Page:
The pros and cons of univariate analysis
Univariate analysis is a type of quantitative analysis. It is performed using just one variable. For example, if the variable age is the subject of the research, then the analyst would look into how many people fell into a particular age group. The key method for this sort of analysis is the average, from which standard deviation and variance figures are obtained. There are pros and cons to univariate analysis, compared to using other types of analysis.
Univariate analysis is more reliable as only one variable is used. The other data used in a univariate model is already known, and therefore the results of the model are often more accurate and give reliable predictions in certain situations. Compared to multivariate models, which have one or more unknowns and may or may not produce accurate results.
Given that a univariate analysis model only uses one unknown, or variable, it is a simpler model than bivariate or multivariate models. This means it is easier to build, test and understand than other models. It will also run faster than a more complicated multivariate analysis.
A univariate model is a strong descriptive method. Analysts can change one variable each time the model is run to obtain results that show “what if” scenarios. For example, changing the variables from age to income can show different results which describe what happens when one factor changes within the model.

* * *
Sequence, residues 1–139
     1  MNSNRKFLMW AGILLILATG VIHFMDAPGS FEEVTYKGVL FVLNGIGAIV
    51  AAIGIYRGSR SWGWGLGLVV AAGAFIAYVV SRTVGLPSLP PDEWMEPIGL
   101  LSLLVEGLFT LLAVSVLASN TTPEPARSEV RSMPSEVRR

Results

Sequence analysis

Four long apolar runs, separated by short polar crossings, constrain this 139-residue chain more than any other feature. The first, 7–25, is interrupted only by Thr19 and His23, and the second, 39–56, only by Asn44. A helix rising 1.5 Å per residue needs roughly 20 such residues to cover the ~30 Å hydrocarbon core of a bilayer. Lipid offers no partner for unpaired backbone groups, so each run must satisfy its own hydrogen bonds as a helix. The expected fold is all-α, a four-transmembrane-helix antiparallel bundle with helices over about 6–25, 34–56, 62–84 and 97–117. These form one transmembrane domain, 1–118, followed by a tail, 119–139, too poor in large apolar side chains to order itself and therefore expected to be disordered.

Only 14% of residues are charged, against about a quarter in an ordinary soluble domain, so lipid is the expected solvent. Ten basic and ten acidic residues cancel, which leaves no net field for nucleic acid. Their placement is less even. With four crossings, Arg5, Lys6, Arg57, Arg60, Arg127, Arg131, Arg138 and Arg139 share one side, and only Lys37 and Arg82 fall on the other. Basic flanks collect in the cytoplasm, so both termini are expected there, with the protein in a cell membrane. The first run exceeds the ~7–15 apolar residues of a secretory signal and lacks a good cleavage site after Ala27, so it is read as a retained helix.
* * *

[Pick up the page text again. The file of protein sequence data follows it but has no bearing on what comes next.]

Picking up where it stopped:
A univariate model is less comprehensive compared to multivariate models. In the real world, there is often more than just one factor at play and a univariate model is unable to take this into account due to its inherent limitations.
Does not take into account relationships
As only one variable can be changed at a time, univariate models are unable to show relationships between different factors. Correlations or inversions cannot be modelled using a univariate model.
In summary, there are different advantages and disadvantages to using a univariate analysis. If time or cost are the main driving factors, and the subject has a direct or simple inverse relationship with the other types of information in the model, a univariate is the best choice; if a comprehensive, detailed analysis is required, it would be more prudent to use a multivariate type of analysis model as it will provide relationship information as well as quantitative, statistical data.